Patrick O’Keeffe weaves friends’ country home into fabric of new book
By Jeanne Tao
Author Patrick O’Keeffe, whose critically acclaimed debut collection of novellas The Hill Road won the Story Prize in 2005, released his first novel, The Visitors, this March 13. Inspired by the places O’Keeffe knows well, the story traces the journey of immigrant James Dwyer from rural Ireland to the U.S., with a visit to the Hudson Highlands as the setting for the book’s conclusion.
Visited by the past
Like O’Keeffe, The Visitors narrator James grew up on a farm in rural County Limerick, worked as a bartender in Dublin, moved to Boston, studied in Ann Arbor, Mich., and spent time in the Hudson Valley, though O’Keeffe is quick to clarify that while many of the places in the book are very real, the plot and characters are not.
Throughout the novel, the deep connections between the Dwyers and their hometown neighbors, the Lyons, as well as those of James to his own family, unfold through haunting memories, like a past that follows him across the ocean to his new life. His emotionally distant father and Kevin Lyons’ father were best friends, but no such friendship ever bloomed between James and Kevin, even when they both lived in Boston around the same time. In fact, the charisma of the Lyons boy has always overshadowed the more awkward James, who remembers being bullied by Kevin as a child and who, as an adult, finds nothing in common with him.
Yet their lives are still intertwined, from Kevin’s relationship with James’ sister and James’ own relationship with Kevin’s sister, to the friendships between their brothers and their fathers, and finally to more deeply held secrets that James only discovers much later.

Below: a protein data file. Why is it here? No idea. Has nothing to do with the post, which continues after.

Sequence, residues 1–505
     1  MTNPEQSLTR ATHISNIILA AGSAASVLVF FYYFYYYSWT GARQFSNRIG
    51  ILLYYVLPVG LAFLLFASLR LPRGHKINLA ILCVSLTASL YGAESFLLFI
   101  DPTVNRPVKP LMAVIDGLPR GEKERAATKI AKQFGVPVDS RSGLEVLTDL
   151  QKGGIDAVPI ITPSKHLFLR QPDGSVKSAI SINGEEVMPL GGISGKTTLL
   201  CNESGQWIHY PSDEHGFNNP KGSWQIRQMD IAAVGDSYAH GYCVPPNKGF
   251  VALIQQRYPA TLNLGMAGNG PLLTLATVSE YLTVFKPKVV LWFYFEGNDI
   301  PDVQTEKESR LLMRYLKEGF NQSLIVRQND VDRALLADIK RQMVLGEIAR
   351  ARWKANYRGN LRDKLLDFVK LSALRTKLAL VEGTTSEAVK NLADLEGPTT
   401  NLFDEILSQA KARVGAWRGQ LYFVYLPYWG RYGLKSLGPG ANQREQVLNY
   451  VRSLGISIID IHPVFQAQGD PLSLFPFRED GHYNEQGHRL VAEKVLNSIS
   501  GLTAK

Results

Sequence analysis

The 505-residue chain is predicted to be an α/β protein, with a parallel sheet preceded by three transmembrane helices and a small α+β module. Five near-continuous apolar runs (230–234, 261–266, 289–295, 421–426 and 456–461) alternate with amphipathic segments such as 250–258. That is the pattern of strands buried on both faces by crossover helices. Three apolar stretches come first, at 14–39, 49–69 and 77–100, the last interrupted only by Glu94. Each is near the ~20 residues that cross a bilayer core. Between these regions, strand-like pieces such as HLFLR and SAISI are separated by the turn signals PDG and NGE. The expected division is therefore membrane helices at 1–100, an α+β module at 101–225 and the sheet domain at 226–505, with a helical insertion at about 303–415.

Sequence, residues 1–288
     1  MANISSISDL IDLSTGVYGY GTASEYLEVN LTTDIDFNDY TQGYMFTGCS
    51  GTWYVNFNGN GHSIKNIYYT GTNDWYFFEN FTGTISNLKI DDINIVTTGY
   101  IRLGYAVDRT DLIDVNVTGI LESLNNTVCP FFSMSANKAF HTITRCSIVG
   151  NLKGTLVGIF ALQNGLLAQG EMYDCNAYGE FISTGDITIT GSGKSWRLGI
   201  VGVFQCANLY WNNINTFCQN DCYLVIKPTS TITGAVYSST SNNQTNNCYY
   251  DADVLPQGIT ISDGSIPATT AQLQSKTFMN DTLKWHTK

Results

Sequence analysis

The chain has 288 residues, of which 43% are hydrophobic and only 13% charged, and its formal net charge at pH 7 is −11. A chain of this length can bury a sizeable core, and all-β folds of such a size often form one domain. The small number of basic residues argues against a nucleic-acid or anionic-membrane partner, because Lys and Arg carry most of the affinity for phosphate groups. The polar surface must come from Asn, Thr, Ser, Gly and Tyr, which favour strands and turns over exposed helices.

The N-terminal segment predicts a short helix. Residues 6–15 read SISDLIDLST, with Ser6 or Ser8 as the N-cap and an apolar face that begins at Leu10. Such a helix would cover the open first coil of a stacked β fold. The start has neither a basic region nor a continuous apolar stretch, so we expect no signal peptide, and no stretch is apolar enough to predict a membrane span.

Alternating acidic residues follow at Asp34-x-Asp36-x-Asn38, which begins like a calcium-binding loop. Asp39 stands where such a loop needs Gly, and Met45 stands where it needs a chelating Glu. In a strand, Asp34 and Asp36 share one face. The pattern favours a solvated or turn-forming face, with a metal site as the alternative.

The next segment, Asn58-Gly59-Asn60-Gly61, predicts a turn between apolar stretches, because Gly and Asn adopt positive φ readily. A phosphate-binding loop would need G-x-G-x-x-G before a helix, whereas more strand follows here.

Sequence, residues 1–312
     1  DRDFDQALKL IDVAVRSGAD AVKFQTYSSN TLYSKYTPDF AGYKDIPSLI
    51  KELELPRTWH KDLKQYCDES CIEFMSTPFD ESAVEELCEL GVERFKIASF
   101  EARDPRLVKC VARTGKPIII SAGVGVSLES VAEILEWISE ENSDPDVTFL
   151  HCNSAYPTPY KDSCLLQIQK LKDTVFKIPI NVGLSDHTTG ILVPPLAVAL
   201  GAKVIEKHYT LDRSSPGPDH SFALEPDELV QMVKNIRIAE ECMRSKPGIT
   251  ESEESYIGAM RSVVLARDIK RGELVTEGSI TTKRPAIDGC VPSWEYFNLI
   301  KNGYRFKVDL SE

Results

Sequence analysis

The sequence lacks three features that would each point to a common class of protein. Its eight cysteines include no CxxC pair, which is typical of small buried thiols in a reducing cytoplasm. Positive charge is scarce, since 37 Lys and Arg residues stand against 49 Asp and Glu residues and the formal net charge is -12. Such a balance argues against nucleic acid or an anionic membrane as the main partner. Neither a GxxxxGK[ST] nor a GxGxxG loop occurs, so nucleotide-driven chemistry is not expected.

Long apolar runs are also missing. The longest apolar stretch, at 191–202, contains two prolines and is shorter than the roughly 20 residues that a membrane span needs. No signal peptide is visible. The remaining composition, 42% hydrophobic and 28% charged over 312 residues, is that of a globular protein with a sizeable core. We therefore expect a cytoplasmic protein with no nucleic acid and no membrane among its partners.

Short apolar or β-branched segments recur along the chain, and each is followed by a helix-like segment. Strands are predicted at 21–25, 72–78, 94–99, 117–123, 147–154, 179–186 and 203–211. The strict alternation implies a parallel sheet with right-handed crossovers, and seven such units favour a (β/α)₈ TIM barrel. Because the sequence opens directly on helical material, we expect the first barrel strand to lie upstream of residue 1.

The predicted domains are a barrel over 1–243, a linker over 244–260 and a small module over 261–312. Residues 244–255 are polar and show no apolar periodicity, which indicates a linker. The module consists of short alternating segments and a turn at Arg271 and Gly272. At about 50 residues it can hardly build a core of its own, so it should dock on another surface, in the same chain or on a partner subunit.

Despite James’ aversion to Kevin, the two must eventually meet. The novel begins when a stranger shows up at James’ door in Ann Arbor and later divulges the message that Kevin wants James to visit him in the Hudson Valley. Intent on not going, James eventually gives in when urged to by his sister, after tragedy strikes the Lyons family.
Once in Philipstown, James cannot resist the beauty of its setting: “I visited the house in the woods. A loud stream at the end of a grassy yard surrounded by very tall trees. A stone wall going up at the end of the yard. A wide deck on one side of the house and a porch at the front. The windows are huge and bare and the house and the trees are one.”
The house in the woods
O’Keeffe dedicated The Visitors to his good friends and former Philipstown residents Tom and Kathy Zeller, not only because of their support through the years he spent writing it, but because the charming house where they lived from 2008 to 2013 so inspired O’Keeffe that he felt compelled to include it in the novel.
To the author, who now teaches fiction writing at Ohio University, the Zellers’ home became a nice getaway, especially when O’Keeffe lived and taught upstate at Colgate University (2008–2010). As in the book, trees surrounded the house off Route 301, with the stream in front and hiking trails connecting to the Clarence Fahnestock State Park in back.